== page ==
New Study Says Supreme Court Majority Shows a Pro-Business Tilt

October 26, 2010

by Jeremy Leaming

In recent times the nation's largest business lobby, the U.S. Chamber of Commerce, has fared much better before the Supreme Court says a new study from the Constitutional Accountability Center (CAC).

The study, "A Tale of Two Courts: Comparing Corporate Rulings by the Roberts and Burger Courts," maintains that the Chamber's victories before the high court have increased since the ascendance of a five-member conservative majority on the high court. In a press statement about the study, CAC says that "under the leadership of Chief Justice Warren Burger, the Chamber lost more cases than it won (a percentage of 43%) and, perhaps even more important, there was no similar ideological division among the Justices in favor, or against, the Chamber's position. Justice Brennan, the Burger Court's liberal lion, voted for the Chamber 43% of the time; then-Justice Rehnquist voted for the Chamber 46% of the time."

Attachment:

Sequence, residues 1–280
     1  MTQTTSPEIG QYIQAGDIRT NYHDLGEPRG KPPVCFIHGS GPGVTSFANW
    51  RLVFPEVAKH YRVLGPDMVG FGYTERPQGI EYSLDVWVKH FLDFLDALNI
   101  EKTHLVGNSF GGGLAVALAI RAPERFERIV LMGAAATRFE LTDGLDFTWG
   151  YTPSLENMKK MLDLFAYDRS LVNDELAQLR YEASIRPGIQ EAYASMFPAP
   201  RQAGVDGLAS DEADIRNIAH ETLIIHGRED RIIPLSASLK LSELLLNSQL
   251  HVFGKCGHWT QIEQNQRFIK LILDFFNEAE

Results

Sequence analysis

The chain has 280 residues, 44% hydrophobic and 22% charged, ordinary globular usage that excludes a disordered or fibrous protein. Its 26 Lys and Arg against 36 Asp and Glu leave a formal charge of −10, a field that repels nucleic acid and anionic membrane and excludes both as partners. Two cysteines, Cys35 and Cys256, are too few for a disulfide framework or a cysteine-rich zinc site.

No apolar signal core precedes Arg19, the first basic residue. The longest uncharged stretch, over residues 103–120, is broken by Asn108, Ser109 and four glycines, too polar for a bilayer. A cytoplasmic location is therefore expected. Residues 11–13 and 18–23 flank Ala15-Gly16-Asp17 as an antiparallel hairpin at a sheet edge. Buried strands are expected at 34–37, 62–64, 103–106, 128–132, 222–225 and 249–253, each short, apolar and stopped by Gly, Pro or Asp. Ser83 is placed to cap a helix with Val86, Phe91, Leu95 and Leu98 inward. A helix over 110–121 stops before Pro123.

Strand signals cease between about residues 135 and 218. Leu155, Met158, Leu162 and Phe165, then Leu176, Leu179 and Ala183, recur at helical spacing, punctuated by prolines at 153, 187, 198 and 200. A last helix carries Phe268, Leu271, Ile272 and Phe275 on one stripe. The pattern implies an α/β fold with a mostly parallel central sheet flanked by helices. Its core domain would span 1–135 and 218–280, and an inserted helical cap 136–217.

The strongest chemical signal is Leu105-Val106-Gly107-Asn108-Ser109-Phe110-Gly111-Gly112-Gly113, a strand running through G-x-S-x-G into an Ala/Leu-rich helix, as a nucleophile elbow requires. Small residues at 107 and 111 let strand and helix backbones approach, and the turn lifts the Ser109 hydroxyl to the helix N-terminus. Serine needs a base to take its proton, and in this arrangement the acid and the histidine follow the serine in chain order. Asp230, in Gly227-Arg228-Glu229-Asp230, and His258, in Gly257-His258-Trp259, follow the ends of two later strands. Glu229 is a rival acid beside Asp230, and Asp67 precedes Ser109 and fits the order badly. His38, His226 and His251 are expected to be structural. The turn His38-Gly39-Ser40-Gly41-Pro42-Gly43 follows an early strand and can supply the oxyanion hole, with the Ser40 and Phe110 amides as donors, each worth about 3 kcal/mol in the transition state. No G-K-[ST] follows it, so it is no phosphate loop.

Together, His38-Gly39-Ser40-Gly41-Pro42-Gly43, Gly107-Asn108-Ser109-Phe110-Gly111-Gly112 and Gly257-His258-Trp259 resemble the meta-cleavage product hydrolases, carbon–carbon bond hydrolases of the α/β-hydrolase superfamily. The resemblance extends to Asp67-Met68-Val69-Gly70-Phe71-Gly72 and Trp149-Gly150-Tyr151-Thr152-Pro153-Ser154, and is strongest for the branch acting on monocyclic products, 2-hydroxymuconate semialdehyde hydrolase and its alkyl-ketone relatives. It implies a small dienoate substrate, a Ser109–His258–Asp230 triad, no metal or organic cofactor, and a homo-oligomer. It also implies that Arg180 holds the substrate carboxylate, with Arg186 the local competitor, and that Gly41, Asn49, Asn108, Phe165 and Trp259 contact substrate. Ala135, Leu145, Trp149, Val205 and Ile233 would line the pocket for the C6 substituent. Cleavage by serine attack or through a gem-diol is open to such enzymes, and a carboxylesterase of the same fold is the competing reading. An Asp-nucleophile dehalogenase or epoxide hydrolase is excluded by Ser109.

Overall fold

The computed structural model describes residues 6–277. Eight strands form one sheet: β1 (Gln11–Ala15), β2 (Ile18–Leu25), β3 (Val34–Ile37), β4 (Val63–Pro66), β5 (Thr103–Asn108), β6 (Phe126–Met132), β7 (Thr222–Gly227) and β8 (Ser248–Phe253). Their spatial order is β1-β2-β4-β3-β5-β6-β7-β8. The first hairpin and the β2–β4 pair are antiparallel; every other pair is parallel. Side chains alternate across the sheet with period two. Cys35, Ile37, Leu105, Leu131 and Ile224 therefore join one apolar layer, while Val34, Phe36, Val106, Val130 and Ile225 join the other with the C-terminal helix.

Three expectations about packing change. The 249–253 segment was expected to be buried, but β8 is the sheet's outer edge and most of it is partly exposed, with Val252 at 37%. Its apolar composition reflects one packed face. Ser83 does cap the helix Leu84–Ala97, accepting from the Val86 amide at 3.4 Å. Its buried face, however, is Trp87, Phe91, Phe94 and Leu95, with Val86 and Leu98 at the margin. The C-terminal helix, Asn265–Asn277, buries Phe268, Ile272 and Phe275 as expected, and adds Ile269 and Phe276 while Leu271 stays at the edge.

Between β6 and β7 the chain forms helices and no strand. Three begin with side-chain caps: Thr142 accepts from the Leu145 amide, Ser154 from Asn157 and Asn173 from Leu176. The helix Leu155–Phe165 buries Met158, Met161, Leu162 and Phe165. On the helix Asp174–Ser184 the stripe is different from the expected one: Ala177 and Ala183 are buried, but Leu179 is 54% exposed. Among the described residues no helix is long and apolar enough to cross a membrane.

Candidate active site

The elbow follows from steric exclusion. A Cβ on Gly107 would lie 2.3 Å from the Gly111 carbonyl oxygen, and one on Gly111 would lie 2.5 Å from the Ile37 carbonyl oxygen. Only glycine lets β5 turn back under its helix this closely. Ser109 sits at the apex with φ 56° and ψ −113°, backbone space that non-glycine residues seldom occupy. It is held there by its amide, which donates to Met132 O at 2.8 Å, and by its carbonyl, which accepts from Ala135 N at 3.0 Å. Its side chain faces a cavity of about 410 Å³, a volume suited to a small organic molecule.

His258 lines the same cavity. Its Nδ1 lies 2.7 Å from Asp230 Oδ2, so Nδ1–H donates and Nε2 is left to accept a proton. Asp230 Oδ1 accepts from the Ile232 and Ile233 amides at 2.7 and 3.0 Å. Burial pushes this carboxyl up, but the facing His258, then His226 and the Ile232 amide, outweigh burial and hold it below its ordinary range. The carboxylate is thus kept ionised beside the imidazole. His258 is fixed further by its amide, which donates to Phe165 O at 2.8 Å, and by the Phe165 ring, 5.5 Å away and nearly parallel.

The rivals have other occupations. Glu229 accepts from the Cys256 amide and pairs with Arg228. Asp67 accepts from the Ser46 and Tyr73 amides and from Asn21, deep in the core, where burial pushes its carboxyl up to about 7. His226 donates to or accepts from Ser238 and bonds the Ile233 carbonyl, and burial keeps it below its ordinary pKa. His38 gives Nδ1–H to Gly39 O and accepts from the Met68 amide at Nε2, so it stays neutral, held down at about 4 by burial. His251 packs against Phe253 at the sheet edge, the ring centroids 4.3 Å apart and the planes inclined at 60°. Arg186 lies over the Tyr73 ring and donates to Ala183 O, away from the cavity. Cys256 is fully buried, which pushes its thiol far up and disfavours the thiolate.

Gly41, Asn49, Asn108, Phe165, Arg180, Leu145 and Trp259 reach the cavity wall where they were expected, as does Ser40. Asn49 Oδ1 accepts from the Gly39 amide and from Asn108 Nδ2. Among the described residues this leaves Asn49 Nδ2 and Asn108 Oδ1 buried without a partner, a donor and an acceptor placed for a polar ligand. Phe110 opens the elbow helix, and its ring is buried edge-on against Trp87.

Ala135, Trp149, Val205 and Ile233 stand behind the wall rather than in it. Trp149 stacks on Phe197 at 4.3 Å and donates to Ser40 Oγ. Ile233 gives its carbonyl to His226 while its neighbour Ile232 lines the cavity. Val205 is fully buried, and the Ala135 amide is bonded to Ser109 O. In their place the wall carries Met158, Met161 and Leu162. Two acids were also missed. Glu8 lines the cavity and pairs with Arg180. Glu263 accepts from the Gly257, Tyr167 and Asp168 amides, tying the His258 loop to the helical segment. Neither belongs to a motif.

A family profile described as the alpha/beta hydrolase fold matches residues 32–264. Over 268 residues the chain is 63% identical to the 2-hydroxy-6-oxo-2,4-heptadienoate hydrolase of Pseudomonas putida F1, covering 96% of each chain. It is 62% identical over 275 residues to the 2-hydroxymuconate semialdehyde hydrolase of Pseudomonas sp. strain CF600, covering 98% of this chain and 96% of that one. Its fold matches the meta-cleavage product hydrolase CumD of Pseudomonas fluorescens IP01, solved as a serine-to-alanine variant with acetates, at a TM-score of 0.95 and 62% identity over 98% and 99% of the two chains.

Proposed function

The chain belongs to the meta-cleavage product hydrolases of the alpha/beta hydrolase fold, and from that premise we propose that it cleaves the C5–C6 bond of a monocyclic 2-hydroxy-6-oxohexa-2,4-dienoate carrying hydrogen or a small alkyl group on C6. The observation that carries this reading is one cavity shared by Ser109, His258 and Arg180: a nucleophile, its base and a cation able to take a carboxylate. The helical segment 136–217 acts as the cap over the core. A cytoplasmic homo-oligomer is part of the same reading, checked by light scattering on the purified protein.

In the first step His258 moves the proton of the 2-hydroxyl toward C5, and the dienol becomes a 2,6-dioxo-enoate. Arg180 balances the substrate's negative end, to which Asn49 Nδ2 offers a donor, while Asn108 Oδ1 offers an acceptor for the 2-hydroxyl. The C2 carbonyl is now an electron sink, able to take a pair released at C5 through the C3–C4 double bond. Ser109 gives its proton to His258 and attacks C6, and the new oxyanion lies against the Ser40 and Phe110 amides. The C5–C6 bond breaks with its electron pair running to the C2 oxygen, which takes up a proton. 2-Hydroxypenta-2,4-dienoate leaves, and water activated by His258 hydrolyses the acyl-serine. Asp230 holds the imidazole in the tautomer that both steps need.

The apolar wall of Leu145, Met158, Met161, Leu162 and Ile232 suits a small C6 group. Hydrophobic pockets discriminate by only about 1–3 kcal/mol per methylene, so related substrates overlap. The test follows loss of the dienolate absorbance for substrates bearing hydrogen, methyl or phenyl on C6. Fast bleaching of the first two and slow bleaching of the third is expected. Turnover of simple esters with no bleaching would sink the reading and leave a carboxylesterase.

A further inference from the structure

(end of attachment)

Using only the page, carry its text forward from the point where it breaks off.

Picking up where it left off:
Recently Justice Stephen Breyer told Bloomberg News that his own study of high court cases involving business interests did not show a pro-corporate bent. He maintained that business groups are not doing any better than they have in the past.

CAC President Doug Kendall told Bloomberg, "Justice Breyer's flat wrong in suggesting that the chamber has always done well before the court. The Supreme Court's modern pro-corporate tilt - and particularly its sharp ideological split in favor of the U.S. Chamber of Commerce - are relatively new developments, traceable to the court's conservative majority."

Earlier this year, CAC issued a report that the Roberts Court's conservative wing more often than not sides with corporate interests. According to the study since the arrival of Justice Samuel Alito in 2006 a "cohesive five-justice majority on the Court has produced victories for the Chamber's side 64% of the cases overall, and 71% of closely divided cases."

CAC's study is available here.